Following knee replacement surgery five years ago, one of the rehabilitation exercises I did in order to learn to use my new knee was to trick it into bending further. I’d sit on top of Sarah’s desk (she was my at-home physiotherapist) and push my knee upwards first and then attempt to push it back. I’d gain a few more degrees of motion that way.

I’m thinking of that practice now, not for the trickery aspect so much, but more for the against-the-flow leading to the flow: the pause that leads to renewed energy.

In a book called Listening Below the Noise, the author, Anne LaClaire, describes struggling with the triangle pose in yoga. She writes: “Sometimes we have a period that looks like a setback, [her yogi told her] but in reality that time is a place of preparation. A resting space. A gathering of energy. Like an archer pulling back the bowstring so the arrow can shoot forward.”

In my own yoga practice, I find some rest, restoration and an honouring of the body. At this time, it seems an honouring of my work is also timely.

I had been looking at the writing circles and mentoring I have to offer and was planning an email to remind my list of what to think about as support for their writing practice. Now I’m taking a pause for several weeks of radiation treatments and I wonder what that rest will do for these various offerings. (Treatments are only about five minutes per day.)

Usually a rest offers some renewal so at some point in the future, I’ll offer the writing circles and programs with fresh insight. I realize I can appreciate them now without the marketing aspect just as we appreciate our daily writing that hasn’t been shared with anyone but ourselves. There are muses, guides and ancestors who are with us even though the words have not been gussied up and put on stage.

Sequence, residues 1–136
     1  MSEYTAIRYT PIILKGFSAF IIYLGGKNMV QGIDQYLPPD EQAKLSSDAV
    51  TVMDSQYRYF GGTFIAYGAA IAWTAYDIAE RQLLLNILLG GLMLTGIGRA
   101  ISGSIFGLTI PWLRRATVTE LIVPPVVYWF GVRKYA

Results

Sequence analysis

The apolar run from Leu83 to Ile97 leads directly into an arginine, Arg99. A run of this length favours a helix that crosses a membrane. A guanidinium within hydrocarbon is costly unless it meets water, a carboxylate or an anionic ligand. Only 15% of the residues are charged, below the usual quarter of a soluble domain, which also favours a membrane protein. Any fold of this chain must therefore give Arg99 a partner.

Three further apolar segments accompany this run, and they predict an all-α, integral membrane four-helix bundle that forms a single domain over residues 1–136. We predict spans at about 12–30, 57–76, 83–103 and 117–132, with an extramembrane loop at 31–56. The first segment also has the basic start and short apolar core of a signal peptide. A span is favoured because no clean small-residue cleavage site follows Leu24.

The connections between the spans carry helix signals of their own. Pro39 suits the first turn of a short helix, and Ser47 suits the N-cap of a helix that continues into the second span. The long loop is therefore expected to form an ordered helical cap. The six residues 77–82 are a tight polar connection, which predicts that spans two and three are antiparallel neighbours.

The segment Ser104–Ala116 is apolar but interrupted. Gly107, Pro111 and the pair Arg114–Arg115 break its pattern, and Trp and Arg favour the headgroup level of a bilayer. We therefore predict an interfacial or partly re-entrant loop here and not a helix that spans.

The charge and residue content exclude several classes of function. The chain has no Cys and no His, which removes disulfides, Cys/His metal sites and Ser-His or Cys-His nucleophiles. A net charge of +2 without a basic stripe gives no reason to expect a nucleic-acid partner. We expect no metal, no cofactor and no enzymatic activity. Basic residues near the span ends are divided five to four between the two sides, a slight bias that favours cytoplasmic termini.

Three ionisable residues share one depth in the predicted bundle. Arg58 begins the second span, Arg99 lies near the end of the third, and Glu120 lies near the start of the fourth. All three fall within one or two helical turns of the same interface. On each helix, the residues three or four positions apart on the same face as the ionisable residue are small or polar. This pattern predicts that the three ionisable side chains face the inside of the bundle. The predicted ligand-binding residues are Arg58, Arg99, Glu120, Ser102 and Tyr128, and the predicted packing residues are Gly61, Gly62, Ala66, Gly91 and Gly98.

tomatoesAt this time of Lammas or Lughnasadh, the autumn quarter of the year, it’s good to stop and appreciate the harvest as well as the work done so far.  One of the practices for this quarter of the year according to Caitlin Matthews who wrote Celtic Devotional, is to “Assess your own life’s harvest: prepare fallow areas of your life for reseeding, clear old fields of overgrowth.”

On our property (or our landlord’s to be precise), we’ve been enjoying peaches from right here in the garden; cherry tomatoes; and now green grapes have been harvested.

OLYMPUS DIGITAL CAMERAIt’s a time to be grateful for the bounty and a time to pause and honour the poems, the books, the writing programs and circles shared so far. And it can be a gathering of energy time, a pulling back, a healing time.